Development: To enable productive development in an environment similar to production, we have the ‘runner’ that launches your React Native app in an emulator or an actual device (if plugged in). It runs in much the same manner that it would in a production environment, by creating a local container and having the ‘runner’ application consume that container.
Independent Repositories: A simple concept, but I find it to be powerful in what it enables organizations to do. We can structure our teams around functional area of ownership, such as having the “Checkout” team own the React Native checkout area of the app that lives in its own repository. Then you can have the Item Page team with their own repo, allowing the teams to scale without too many cooks in any one kitchen. Independent Repositories also enable reusability, where you can now share the self contained Electrode Native Mini Apps with other teams. If each app had a mono-repo, it would make sharing pieces of an app with another team significantly more complex.
Our Shopping Cart and Checkout sections of the Walmart mobile application were actually responsive web apps served in a browser — within the app. They were relatively slow and cumbersome within the app and we used our own code for the bridge between native and this responsive web experience.
We first converted the responsive web Shopping Cart screen. This was relatively straightforward from a functionality perspective, as it was one page, but we learned a lot from the experience. That was our first full-fledged feature set that we launched to production. Check out the more in-depth article about our findings with React Native.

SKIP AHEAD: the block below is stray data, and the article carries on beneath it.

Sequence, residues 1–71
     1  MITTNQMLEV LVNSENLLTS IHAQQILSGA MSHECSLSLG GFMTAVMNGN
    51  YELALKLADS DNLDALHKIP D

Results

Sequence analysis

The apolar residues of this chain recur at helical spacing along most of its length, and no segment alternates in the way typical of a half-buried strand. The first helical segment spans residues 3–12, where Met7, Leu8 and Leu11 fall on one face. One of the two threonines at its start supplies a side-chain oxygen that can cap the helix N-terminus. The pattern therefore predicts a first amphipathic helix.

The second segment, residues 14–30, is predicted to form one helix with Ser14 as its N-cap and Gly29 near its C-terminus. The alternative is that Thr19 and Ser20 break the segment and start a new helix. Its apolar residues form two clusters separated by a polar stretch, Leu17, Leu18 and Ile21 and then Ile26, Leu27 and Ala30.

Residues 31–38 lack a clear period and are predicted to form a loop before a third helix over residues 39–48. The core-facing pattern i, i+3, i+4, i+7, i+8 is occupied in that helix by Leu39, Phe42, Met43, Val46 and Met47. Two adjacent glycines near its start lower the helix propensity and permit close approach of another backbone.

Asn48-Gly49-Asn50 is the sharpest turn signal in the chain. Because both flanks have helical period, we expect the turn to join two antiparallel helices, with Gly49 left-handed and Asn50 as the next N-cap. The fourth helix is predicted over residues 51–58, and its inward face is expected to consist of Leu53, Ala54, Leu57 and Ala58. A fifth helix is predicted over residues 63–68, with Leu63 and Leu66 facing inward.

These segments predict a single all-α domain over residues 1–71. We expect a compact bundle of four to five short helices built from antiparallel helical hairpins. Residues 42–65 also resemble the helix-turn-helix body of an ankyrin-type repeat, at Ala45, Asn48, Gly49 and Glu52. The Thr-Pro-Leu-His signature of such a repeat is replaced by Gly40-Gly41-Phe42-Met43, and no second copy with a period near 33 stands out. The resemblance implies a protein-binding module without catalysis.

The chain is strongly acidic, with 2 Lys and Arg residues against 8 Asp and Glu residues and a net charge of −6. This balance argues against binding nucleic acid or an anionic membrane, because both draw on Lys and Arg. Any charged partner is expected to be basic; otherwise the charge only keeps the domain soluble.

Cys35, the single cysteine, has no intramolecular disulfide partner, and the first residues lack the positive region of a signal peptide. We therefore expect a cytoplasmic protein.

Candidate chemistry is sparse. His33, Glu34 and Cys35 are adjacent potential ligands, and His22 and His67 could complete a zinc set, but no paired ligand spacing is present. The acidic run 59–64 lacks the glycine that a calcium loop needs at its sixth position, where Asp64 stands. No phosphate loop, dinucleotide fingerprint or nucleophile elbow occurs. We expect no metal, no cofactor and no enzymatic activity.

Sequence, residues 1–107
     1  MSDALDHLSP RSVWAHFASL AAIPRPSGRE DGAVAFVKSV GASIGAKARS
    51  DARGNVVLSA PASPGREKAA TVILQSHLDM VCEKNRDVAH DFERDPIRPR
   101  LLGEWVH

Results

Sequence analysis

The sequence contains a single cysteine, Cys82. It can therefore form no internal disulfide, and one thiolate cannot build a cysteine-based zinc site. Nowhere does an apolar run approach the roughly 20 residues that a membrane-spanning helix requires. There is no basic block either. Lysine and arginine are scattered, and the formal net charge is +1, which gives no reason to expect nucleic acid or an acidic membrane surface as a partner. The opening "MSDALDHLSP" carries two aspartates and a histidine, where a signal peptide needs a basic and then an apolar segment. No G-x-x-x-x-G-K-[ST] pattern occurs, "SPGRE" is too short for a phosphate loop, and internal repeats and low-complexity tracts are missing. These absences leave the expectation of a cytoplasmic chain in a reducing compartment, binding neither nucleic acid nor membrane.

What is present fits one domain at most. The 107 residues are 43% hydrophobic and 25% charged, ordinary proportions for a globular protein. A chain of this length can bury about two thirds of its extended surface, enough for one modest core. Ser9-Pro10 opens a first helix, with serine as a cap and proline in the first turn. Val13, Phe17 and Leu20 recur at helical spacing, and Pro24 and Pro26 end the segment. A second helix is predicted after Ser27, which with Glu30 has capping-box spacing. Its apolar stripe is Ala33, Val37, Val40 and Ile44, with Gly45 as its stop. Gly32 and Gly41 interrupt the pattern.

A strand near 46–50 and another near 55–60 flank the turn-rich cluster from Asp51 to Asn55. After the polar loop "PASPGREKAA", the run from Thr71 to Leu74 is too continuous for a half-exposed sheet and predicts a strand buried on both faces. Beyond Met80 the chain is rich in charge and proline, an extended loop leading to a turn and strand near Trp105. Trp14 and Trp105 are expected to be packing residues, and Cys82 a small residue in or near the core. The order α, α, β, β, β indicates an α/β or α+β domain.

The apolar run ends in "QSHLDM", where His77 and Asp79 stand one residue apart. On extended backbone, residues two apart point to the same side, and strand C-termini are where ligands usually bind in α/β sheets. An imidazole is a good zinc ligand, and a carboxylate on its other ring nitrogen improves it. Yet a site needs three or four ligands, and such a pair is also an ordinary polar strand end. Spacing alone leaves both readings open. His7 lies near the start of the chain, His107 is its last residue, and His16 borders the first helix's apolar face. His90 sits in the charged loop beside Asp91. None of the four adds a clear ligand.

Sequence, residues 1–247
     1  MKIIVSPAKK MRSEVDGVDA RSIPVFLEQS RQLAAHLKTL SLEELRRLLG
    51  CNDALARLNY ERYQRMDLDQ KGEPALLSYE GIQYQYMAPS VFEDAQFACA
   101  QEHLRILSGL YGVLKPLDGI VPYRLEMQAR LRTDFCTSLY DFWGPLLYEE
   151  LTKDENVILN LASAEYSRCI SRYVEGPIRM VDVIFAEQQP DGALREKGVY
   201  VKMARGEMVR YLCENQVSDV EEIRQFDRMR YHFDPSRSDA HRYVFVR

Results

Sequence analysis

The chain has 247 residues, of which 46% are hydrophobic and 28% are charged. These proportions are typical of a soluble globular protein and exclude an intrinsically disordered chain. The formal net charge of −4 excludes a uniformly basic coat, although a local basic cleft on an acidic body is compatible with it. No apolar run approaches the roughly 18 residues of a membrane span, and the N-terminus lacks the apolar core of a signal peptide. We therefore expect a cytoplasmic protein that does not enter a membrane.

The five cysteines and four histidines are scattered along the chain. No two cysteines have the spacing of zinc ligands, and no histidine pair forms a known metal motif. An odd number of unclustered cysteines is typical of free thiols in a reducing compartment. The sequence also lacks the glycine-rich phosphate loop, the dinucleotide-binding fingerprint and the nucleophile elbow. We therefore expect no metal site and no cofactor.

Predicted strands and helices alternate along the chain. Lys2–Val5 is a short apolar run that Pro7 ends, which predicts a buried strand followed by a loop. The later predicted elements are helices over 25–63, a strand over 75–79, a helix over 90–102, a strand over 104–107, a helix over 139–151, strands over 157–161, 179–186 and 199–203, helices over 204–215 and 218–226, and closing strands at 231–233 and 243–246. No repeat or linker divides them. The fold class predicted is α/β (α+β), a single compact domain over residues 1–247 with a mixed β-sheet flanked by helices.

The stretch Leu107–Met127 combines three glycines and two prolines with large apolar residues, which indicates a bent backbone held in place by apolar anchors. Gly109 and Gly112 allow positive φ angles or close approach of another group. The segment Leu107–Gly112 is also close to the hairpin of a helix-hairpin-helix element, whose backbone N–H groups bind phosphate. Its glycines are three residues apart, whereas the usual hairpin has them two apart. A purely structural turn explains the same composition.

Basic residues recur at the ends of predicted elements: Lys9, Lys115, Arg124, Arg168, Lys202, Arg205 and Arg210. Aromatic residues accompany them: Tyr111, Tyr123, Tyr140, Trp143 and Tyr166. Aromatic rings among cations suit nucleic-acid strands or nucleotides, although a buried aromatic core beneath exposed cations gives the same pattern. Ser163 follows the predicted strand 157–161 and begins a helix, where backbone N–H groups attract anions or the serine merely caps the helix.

We quickly converted the ‘Thank You’ page that is displayed after you complete a purchase on Walmart. That same team is now working on converting the Walmart.com Checkout flow using Electrode Native, and they are ramping as we speak. Three additional teams have quickly implemented Electrode Native and they’re building new functionality into the Walmart.com app as well! And, we’re planning to use Electrode Native in apps outside of the Walmart.com purchase app in other Walmart entities.
We’re excited and motivated to continue supporting and improving our new Electrode Native platform — just as we have with Electrode Web. And we’re extremely excited to hear feedback from the open source community, which can only help to improve the platform.
One of our top priorities is to support UI component reusability and look at how we can possibly apply the Electrode web component archetype concept to Electrode Native.
Another challenge we want to tackle to improve developer workflow is for React Native developers to have the capability to easily launch their React Native app (that’s stored in its own repository) inside the mobile host application (the Walmart app, for example), for development and debugging purposes. This challenge is not yet resolved, and it’s still a manual approach as of now — but we’re working on it. And we have a technical approach in place and will execute on it soon.